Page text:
BEIJING: Eileen Gu and Beverly Zhu were both born and raised in the US before deciding to represent China, but their contrasting fortunes at the Beijing Olympics highlight the fine line between love and condemnation for the host nation’s naturalised athletes.
Freestyle skier Gu has inspired ecstasy and adulation among Chinese fans, but figure skater Zhu has endured a torrent of online abuse after two blunder-filled performances.
The 18-year-old Gu – known as Gu Ailing in China – cemented herself as one of the faces of the Games by winning gold in the inaugural women’s Big Air on Feb 8.
“Gu Ailing is taking part in her first Winter Olympics but still landed a 1620 and won gold – she is so, so awesome!” said one widely shared social media post, referring to the high-stakes trick that sealed her win.
“So happy for you,” said another. “Can’t wait to see even more amazing performances from you!”
The mood was wildly different for Zhu, who competes under her Chinese name Zhu Yi.
The 19-year-old broke down in tears on Feb 7 after falling twice during her routine, after a tumble the previous day almost cost China a place in the final.
But her distress failed to win much forgiveness on Chinese social media, where she was savaged for the mistakes.
On the Twitter-like Weibo, the hashtag #ZhuYiFellOver racked up 230 million views.
“I don’t know why someone like this was allowed to represent China,” wrote one user.
The abuse was so intense that authorities appeared to censor some posts.
In recent years, the country with a population of 1.4 billion has recruited some foreign-born players to boost its national squads, notably for football and ice hockey.
China are by no means the only ones to do it, but the country stands out because it has minimal inward migration and bans citizens from holding dual nationalities.
Yet under President Xi Jinping, the lines appear a bit more blurred.
“If someone is deemed to be able to contribute to the fatherland, the party-state is willing to reward such a person very handsomely,” said Steve Tsang, director of the China Institute at London’s School of Oriental and African Studies.
Gu was born in California to an American father and Chinese mother, and still lives in the United States.
She opted in 2019 to compete for China, a decision she described as “incredibly tough”.
A star student and part-time model, Gu has won a devoted following in China with her Beijing-accented Mandarin and apparent love for Chinese cuisine.
She has landed a string of commercial deals with some of the country’s biggest brands, including coffee chain Luckin and shopping site JD.com.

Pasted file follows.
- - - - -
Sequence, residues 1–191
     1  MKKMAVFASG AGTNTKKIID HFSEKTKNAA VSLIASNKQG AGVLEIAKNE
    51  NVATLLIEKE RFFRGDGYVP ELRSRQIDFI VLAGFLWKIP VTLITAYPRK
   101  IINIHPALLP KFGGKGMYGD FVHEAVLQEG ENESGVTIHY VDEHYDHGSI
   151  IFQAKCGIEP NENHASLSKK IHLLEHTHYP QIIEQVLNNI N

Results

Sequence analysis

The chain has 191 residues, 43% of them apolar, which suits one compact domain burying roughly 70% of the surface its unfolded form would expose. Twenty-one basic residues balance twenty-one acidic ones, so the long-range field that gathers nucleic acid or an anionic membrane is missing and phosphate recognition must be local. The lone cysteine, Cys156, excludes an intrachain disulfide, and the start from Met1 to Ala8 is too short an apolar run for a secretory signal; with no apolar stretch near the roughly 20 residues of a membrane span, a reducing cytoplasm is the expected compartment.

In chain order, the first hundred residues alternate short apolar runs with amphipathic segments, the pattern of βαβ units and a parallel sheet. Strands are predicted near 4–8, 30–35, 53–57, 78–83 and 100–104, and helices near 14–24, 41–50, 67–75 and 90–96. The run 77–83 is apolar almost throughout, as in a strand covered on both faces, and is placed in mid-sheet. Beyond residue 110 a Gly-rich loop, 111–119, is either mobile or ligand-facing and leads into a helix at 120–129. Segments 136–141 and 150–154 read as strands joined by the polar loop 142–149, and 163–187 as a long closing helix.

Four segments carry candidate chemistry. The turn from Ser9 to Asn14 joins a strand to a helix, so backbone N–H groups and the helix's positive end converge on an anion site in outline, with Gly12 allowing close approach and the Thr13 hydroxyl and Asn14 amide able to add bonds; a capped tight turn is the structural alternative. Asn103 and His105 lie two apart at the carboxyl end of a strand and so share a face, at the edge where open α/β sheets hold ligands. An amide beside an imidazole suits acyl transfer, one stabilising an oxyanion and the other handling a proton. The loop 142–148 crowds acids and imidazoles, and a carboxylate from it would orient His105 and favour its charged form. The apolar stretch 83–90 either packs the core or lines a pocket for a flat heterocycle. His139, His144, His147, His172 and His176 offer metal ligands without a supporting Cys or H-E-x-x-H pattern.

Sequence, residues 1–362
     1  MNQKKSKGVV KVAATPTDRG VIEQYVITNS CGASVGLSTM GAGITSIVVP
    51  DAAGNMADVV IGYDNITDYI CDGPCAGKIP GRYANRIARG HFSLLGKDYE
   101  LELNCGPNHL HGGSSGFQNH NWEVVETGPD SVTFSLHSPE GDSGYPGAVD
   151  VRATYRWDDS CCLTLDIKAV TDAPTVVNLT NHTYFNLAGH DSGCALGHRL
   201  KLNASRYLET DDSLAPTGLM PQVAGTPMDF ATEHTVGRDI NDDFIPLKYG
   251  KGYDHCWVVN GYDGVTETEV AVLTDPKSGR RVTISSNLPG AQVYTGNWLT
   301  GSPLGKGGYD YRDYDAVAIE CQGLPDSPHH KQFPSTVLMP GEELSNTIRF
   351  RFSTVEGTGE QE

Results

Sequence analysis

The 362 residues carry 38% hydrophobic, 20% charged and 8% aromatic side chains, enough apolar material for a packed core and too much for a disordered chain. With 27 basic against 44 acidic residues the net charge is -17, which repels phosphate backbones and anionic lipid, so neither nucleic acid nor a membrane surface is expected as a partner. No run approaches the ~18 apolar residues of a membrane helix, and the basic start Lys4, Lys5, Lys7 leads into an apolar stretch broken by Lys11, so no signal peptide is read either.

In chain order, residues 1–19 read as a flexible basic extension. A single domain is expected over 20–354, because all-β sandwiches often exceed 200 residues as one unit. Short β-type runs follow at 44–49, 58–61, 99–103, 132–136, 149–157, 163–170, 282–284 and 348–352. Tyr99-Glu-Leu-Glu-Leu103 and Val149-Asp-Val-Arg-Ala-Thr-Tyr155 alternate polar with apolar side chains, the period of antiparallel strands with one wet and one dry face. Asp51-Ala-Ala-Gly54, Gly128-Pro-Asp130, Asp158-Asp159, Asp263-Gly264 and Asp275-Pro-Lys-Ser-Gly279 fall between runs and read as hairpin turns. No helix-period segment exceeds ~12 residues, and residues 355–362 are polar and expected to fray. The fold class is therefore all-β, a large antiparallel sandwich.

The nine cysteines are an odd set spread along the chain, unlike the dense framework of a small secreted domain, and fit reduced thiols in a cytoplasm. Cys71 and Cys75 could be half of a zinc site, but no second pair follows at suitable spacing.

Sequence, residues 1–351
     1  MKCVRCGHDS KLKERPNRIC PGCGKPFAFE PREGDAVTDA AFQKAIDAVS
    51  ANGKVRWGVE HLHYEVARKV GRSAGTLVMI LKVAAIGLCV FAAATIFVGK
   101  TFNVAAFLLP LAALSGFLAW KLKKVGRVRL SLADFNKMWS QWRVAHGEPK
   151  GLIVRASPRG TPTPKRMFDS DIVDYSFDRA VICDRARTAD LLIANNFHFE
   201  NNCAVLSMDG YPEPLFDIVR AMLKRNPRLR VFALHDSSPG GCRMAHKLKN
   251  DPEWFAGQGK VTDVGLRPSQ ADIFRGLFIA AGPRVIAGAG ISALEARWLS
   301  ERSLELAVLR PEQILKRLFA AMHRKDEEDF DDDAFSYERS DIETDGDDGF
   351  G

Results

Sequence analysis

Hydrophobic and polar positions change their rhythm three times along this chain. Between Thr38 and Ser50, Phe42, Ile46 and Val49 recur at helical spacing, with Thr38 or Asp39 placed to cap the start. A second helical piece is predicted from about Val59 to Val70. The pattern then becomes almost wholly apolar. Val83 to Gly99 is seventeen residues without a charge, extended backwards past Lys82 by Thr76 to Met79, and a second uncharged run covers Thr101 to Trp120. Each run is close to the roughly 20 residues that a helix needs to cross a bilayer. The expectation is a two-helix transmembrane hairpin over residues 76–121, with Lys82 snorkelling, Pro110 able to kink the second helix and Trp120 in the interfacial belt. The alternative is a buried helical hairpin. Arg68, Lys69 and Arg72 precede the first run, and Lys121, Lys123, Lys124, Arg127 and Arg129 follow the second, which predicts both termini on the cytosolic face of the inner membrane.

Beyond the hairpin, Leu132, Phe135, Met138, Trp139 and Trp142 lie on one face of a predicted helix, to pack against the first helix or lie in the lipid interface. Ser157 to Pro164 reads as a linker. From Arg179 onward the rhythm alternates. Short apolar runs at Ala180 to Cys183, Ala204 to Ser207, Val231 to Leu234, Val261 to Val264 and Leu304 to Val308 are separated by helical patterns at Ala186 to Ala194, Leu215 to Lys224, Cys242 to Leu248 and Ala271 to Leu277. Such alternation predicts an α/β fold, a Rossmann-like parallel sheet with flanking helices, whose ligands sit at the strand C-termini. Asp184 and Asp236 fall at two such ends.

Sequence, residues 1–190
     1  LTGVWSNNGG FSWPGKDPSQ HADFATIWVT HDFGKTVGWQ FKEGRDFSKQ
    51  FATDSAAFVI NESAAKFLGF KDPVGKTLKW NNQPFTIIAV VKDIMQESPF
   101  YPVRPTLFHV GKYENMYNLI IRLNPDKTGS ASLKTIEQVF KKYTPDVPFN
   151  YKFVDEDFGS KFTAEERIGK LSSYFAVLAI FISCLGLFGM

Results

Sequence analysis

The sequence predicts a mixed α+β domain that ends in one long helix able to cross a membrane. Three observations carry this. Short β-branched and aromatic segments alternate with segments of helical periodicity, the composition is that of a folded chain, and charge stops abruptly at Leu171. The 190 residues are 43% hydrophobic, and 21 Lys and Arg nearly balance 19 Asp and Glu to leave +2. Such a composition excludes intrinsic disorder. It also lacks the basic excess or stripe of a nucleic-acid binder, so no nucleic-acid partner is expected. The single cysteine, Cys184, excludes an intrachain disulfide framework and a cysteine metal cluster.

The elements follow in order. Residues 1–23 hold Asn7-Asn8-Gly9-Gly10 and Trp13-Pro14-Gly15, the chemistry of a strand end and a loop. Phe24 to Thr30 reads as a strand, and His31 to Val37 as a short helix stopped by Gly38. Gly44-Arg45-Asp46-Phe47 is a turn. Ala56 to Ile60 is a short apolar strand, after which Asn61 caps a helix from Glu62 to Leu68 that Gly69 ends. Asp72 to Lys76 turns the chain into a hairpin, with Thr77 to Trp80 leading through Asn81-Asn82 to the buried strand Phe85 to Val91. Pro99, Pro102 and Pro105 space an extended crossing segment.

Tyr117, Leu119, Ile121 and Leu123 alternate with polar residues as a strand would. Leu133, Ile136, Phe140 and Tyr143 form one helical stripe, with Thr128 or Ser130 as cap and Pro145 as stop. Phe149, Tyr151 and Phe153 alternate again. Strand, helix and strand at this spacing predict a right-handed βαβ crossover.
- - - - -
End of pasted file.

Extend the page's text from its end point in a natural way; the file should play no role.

“When I come to Beijing,” Gu said, “I feel a strong sense of coming home.”
She has been tight-lipped about her nationality status, however, despite being repeatedly pushed by foreign reporters following her gold on Feb 8.
Zhu, meanwhile, renounced her US citizenship when she chose to represent China.
But unlike the universal adoration for Gu, Zhu has been picked on for everything from her limited Mandarin to her family background.
Some social media users insinuated, without any evidence, that her Olympic spot was linked to her father, a prominent artificial intelligence expert.
With roots in both China and the United States, Gu and Zhu must walk a fine line when expressing either identity.
Ties between the two powers have been at their lowest in decades and Washington led a diplomatic boycott of the Beijing Games citing concerns about human rights in China, including in the far-western Xinjiang region.
Gu, who has said she wants to use sport to connect people in the two countries, describes herself as “American when I am in America, and... Chinese when I am in China”.
But public scrutiny in both countries may make it harder to maintain a clear divide.
One of Gu’s main Chinese sponsors, sportswear brand Anta, has loudly touted its use of Xinjiang cotton that rights groups have linked to forced labour.
Some people on Instagram criticised Gu for her frequent use of the social media app, accusing her of being oblivious to the fact that most Chinese people cannot freely access the Internet, including Instagram.
Gu on Tuesday dismissed the criticism when a journalist asked how hard it was to keep people in China and the United States happy.
“I’m not trying to keep anyone happy. I'm an 18-year-old girl out here living my best life,” she said. – AFP